Resource Constraints and the Criminal Justice System: Evidence from Judicial Vacancies
CitationCrystal S. Yang, Resource Constraints and the Criminal Justice System: Evidence from Judicial Vacancies (Harvard John M. Olin Discussion Paper Series Discussion Paper No. 820, Apr. 2015).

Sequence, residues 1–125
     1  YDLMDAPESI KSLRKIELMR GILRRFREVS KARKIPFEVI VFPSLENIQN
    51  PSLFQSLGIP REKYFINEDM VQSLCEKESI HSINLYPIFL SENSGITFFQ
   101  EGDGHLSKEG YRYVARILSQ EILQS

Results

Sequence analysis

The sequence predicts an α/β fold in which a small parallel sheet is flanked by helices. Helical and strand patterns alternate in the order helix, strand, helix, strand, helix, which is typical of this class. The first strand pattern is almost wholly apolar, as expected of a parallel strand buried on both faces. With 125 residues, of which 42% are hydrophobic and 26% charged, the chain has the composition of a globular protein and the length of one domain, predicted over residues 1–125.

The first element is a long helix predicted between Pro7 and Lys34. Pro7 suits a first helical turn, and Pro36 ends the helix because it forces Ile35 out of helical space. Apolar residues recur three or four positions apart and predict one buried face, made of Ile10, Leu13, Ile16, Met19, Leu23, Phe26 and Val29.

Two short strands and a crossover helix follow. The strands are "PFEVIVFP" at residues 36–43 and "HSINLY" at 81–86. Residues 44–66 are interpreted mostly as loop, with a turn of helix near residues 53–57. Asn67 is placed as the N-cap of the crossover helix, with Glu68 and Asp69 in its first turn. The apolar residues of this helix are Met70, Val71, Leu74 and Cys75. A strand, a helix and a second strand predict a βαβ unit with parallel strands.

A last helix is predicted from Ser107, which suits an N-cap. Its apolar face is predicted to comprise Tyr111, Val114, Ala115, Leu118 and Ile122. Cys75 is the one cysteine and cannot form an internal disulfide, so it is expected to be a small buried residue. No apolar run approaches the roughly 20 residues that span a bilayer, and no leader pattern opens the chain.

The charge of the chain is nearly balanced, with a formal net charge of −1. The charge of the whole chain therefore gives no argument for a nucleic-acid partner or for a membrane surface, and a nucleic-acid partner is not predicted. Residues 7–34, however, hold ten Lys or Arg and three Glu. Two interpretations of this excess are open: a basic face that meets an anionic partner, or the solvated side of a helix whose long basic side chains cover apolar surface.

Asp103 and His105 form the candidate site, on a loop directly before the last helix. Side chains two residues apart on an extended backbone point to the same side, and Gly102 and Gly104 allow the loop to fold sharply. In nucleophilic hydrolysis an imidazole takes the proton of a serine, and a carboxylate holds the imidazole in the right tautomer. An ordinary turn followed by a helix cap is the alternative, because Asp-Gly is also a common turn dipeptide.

AbstractTen percent of federal judgeships are currently vacant, yet little is known on the impact of these vacancies on criminal justice outcomes. Using judge deaths and pension eligibility as instruments for judicial vacancies, I find that prosecutors decline more cases during vacan- cies. Prosecuted defendants are more likely to plead guilty and less likely to be incarcerated, suggesting more favorable plea deals. The incarceration effects are larger among defendants represented by private counsel. These estimates imply that the current rate of vacancies has resulted in 1000 fewer prison inmates annually compared to a fully staffed court system, a 1.6 percent decrease.
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